This final problem is difficult to avoid. It requires scan findings to be concealed from clinicians. This has only been done once, in the POP study from Cambridge (click here), which showed that customising using the GROW software did not improve detection rates of any adverse outcomes.

And that’s pretty much it. Many other papers purport to show that customisation is good or bad, but they all either reported percentages above or below different centiles, or compared customised with population charts, or detection rates for pathology without fixing false positive rates, or all three, or came to no clear conclusion.

Next and finally, a summary of what we have learned (click here).

Jim Thornton

* Readers beware. Authors often use the terms population, standard and customised charts rather loosely.

Standard, Population & Customised fetal size charts 13 – The Intergrowth/WHO plagiarism controversy

September 18, 2019

Soon after the Intergrowth-21 charts were published, allegations of skullduggery appeared from WHO (click here). Rumours flew around, big money was involved, and the organisations employing each group of researchers, WHO and Oxford University, conducted enquiries. Eventually WHO referred Jose Villar and Stephen Kennedy, two of the leaders of the Intergrowth-21 group, to the UK General Medical Council (click here), who declined to investigate.

Supporters of WHO claimed that the two Intergrowth-21 authors had plagiarised a previous WHO protocol. Villar had been employed by WHO before he moved to Oxford, and Kennedy had been a member of a WHO expert group.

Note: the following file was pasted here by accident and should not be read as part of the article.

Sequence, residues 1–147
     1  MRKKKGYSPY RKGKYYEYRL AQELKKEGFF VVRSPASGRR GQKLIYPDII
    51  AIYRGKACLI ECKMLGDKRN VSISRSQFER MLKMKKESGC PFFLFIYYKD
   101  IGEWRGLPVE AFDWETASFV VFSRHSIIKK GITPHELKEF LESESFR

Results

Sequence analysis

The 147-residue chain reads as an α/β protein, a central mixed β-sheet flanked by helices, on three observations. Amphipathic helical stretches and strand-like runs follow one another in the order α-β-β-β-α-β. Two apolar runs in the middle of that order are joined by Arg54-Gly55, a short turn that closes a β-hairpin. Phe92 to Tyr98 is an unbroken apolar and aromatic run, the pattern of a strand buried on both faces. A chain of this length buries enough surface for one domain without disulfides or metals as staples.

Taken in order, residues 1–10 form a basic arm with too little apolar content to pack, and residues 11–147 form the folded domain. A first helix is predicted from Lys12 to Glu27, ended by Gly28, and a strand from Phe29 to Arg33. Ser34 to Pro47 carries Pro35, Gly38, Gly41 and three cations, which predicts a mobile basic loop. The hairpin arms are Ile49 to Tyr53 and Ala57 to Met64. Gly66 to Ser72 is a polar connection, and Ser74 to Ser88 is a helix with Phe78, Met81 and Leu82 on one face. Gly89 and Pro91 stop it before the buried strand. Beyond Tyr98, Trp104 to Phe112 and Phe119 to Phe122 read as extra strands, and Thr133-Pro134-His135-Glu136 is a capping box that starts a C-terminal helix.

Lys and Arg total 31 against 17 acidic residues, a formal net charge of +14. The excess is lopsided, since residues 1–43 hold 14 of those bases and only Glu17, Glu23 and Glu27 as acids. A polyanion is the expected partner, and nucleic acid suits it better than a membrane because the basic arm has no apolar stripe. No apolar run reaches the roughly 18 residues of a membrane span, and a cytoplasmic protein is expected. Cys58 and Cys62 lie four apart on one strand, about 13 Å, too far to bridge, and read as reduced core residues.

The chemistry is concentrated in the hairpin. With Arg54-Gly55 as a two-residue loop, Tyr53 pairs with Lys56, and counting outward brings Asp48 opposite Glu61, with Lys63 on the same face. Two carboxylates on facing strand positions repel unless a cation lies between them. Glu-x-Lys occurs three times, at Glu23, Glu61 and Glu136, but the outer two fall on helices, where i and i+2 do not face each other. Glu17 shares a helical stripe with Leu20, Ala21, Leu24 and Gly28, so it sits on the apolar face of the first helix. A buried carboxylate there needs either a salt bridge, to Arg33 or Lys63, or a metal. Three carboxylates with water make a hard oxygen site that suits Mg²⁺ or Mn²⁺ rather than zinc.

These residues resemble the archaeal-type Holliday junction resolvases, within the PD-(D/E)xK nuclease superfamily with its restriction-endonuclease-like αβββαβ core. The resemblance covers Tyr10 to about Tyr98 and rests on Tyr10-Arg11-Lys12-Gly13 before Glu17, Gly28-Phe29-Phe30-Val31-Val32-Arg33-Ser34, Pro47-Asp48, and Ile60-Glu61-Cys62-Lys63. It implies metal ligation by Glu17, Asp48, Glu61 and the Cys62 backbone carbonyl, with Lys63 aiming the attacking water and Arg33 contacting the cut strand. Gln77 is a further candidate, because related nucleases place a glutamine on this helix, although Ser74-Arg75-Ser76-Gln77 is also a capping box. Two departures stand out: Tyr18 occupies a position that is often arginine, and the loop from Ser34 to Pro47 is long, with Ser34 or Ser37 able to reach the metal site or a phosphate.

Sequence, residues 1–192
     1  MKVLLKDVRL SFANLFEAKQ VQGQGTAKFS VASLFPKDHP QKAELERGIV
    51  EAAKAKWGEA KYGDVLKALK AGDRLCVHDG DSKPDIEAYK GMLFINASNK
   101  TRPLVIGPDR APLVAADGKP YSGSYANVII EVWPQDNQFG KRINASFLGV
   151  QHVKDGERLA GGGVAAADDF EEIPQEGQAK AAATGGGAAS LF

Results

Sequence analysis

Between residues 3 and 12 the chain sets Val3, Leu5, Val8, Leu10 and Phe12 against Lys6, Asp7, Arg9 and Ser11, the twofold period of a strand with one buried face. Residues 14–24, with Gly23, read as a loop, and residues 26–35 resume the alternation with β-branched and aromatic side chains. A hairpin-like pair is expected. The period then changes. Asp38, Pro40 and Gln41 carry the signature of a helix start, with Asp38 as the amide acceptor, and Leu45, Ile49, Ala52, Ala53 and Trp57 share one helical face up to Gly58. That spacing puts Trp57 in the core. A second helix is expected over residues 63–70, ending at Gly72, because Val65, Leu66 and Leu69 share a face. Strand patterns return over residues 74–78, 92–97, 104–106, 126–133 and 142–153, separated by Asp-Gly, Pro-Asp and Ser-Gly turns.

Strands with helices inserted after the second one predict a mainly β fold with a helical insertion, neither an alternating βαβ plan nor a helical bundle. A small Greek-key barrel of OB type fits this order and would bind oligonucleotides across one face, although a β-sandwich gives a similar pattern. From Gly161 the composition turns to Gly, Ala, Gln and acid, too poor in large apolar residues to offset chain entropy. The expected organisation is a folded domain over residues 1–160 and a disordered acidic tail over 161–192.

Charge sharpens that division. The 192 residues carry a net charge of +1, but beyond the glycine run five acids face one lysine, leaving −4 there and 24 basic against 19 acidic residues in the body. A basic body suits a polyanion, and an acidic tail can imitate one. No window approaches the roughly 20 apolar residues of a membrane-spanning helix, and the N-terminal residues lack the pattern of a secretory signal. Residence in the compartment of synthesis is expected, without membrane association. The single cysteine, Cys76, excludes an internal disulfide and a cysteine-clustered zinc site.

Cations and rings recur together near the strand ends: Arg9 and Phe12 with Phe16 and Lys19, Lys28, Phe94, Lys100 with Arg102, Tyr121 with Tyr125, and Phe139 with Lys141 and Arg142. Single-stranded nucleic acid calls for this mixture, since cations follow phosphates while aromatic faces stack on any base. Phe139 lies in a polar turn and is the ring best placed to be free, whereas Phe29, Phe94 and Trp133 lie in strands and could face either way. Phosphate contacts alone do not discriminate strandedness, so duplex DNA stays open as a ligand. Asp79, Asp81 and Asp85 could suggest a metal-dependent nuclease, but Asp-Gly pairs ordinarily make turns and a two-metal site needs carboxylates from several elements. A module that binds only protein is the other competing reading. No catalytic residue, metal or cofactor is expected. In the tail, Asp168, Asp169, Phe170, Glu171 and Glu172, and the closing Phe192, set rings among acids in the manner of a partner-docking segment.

Defenders of Intergrowth-21 say that the idea of creating fetal growth standards was not only “obvious”, but had already been widely discussed in public long before either team set to work.

The full story has never been published, but the editor of the Lancet, who had seen both the WHO and Oxford reports, sided with the Intergrowth-21 group and concluded that at worst it was a matter of academic rivalry (click here).  His comment that the WHO enquiry was “disappointingly insubstantial” clearly stung WHO, who responded by publishing it here, the “report from reviewers”.  Judge for yourself. The WHO also took the opportunity to confirm that.

“WHO has never questioned the scientific validity of the research conducted and the papers produced by Oxford University (as published in the Lancet and other peer-reviewed journals)”.

Three supporters of the WHO allegations wrote a letter which added little (click here). The Oxford report, exonerating the Intergrowth-21 authors, remains unpublished. And there the matter rests.

The issue is long past. But it’s worth recalling, because advocates of alternatives occasionally allow the idea to get out that “There’s something fishy about the Intergrowth or WHO charts”. There is not. The allegations never included any scientific criticism of either. Rather the opposite. The idea of international fetal growth standards was so good, that academic rivals sought credit for it. This mattered once to the people involved, but not to the rest of us.

Next customised charts (click here).

Jim Thornton